A Worthwhile Journey

by Joshua Roman

Follow Joshua on Facebook, Twitter, and see his schedule at joshuaroman.com

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Dear Readers:

Thank you for joining me here as we embark on an exploration of musicians’ lives in today’s changing landscape. Over the last few years, I have been taking on projects and roles that I never dreamt would be a part of my professional life as a musician, and I see many of my colleagues redefining their musical career as well.

For many of us, this is uncertain territory. Leaving our practice rooms behind, entering the worlds of interdisciplinary collaborations, social experiments, entrepreneurial endeavors, and in general, a broader sense of creativity, we are making things up as we go. Luckily, there are fantastic examples of success, from the composer-­performer, like the JACK Quartet, who write and arrange music as well as performing new works by others, to the modern day impresario, like Derek Bermel, who not only composes and plays clarinet, but has curated chamber music series’ in the past and is now Artistic Director of the American Composers Orchestra.

In a world where geographical borders are often easy to cross, and technology blurs the lines of genre and categories in other realms, the question of whether we should define ourselves within old and possibly rigid boundaries is an important one. Am I a cellist? Am I a musician? Am I a classical musician that enjoys other kinds of music, or some broader kind of musician that specializes in classical music? Perhaps a sound artist? Personally, I’ve begun to feel a strong and central pull that brings me towards a core, something I could only describe as “my voice”. In this fast pace world of 30 second sound bites, it is challenging to define this new type of musical individuality, and the meeting the need to articulate a concise statement of who one is, or what one does, can be especially difficult as one embarks upon new paths and begins to explore new avenues of artistic expression.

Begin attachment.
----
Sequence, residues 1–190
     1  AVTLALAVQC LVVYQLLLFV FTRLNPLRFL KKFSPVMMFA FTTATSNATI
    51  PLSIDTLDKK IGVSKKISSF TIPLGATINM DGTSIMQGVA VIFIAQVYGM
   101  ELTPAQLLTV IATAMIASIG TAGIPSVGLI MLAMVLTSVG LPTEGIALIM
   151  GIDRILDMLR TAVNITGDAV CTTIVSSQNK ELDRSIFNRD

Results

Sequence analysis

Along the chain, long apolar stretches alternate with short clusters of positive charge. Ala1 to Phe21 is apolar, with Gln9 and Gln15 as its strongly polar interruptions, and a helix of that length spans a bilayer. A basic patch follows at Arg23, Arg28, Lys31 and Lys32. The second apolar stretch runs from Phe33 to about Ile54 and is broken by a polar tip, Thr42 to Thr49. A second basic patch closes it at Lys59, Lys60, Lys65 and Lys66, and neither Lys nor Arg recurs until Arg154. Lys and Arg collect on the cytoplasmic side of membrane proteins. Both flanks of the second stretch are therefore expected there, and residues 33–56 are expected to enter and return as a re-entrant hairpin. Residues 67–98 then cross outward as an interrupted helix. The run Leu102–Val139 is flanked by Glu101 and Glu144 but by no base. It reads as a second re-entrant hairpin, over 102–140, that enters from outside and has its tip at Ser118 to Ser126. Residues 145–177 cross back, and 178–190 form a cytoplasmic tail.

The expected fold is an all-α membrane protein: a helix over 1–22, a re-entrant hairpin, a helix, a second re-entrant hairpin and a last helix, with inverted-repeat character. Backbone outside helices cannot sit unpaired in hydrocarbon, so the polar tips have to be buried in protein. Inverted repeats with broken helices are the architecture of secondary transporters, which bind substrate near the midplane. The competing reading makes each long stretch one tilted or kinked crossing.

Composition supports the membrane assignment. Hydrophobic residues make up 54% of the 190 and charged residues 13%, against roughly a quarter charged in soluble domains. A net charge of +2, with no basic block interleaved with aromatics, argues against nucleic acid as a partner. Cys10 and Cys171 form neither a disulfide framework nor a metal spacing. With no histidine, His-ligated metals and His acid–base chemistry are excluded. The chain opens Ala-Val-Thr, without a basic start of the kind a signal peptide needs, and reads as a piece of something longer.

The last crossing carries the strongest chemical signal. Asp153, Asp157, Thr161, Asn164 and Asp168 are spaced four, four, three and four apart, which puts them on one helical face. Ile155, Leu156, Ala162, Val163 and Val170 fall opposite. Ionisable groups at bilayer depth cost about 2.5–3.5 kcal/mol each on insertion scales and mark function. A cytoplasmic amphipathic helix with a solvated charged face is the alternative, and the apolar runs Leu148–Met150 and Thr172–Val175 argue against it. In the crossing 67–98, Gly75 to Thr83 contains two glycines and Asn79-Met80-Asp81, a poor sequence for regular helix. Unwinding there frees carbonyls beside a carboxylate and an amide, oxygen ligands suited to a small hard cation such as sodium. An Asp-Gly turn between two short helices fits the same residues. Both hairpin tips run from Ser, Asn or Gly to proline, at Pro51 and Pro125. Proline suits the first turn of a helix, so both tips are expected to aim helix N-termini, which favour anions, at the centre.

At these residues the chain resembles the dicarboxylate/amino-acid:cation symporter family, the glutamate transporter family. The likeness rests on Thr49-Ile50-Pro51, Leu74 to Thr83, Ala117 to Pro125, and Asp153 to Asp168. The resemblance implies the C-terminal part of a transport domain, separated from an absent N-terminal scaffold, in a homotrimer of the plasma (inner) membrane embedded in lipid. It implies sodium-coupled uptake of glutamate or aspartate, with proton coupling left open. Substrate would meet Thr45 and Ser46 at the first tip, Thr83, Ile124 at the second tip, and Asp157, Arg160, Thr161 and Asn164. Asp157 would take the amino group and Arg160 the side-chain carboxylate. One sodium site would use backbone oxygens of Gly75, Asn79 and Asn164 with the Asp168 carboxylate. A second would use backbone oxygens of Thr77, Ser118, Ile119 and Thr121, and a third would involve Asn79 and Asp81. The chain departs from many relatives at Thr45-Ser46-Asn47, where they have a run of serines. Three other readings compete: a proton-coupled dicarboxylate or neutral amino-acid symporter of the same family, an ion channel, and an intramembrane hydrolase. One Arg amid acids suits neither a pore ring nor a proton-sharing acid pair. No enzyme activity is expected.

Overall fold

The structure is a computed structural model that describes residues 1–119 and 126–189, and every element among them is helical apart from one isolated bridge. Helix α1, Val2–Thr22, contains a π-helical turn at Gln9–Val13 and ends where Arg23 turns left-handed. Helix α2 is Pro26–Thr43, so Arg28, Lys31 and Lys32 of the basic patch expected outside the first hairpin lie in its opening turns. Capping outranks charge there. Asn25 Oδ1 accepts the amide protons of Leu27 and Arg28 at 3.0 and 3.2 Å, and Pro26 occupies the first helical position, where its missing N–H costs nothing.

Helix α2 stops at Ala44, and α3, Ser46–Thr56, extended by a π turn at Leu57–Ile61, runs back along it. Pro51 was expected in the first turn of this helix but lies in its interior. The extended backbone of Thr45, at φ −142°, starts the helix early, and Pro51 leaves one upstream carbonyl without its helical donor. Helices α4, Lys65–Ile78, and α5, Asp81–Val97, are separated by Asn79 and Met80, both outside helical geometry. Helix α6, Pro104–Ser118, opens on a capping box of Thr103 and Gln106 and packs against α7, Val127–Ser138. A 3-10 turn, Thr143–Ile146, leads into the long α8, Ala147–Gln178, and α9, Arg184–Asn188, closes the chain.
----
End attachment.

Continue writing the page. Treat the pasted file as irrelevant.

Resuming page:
All of this sounds very new, but one of the most encouraging realizations that keeps coming back to me is the fact that this is all a very old idea. Name a composer from before 1900 and chances are strong that they were also a performer. Many of them were skilled (or at least effective) organizers as well. Assembling musical forces was not always easy to do, if you weren’t in the employ of royalty. Even then, many contracts included more than just writing and showing up to play. I draw much inspiration from famous musicians of old such as Mozart, Bach, Brahms, and others from their time who developed a unique voice, while sharing through their performances and repertoire decisions as well. Today, many of my friends are doing this at incredibly high levels, and their creativity and passion manifest in ways that surprise and invigorate me.